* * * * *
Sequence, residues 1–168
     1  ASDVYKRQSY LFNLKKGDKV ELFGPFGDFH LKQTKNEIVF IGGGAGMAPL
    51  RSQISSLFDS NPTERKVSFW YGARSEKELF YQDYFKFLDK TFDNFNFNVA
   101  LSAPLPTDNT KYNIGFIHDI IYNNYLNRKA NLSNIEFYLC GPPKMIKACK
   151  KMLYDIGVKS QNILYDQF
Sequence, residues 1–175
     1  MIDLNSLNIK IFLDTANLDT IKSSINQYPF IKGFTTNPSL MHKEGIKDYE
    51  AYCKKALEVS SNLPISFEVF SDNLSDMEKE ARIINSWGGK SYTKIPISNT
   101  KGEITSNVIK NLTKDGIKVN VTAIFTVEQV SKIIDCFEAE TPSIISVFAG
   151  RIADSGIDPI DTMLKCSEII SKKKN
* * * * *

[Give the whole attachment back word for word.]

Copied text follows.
Sequence, residues 1–168
     1  ASDVYKRQSY LFNLKKGDKV ELFGPFGDFH LKQTKNEIVF IGGGAGMAPL
    51  RSQISSLFDS NPTERKVSFW YGARSEKELF YQDYFKFLDK TFDNFNFNVA
   101  LSAPLPTDNT KYNIGFIHDI IYNNYLNRKA NLSNIEFYLC GPPKMIKACK
   151  KMLYDIGVKS QNILYDQF
Sequence, residues 1–175
     1  MIDLNSLNIK IFLDTANLDT IKSSINQYPF IKGFTTNPSL MHKEGIKDYE
    51  AYCKKALEVS SNLPISFEVF SDNLSDMEKE ARIINSWGGK SYTKIPISNT
   101  KGEITSNVIK NLTKDGIKVN VTAIFTVEQV SKIIDCFEAE TPSIISVFAG
   151  RIADSGIDPI DTMLKCSEII SKKKN